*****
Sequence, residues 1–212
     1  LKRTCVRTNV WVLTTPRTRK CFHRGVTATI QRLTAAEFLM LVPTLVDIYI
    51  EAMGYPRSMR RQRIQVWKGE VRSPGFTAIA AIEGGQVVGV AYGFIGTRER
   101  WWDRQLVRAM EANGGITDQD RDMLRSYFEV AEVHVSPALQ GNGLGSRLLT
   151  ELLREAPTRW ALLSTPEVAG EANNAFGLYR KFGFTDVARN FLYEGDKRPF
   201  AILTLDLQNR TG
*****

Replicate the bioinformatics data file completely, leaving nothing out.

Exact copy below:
Sequence, residues 1–212
     1  LKRTCVRTNV WVLTTPRTRK CFHRGVTATI QRLTAAEFLM LVPTLVDIYI
    51  EAMGYPRSMR RQRIQVWKGE VRSPGFTAIA AIEGGQVVGV AYGFIGTRER
   101  WWDRQLVRAM EANGGITDQD RDMLRSYFEV AEVHVSPALQ GNGLGSRLLT
   151  ELLREAPTRW ALLSTPEVAG EANNAFGLYR KFGFTDVARN FLYEGDKRPF
   201  AILTLDLQNR TG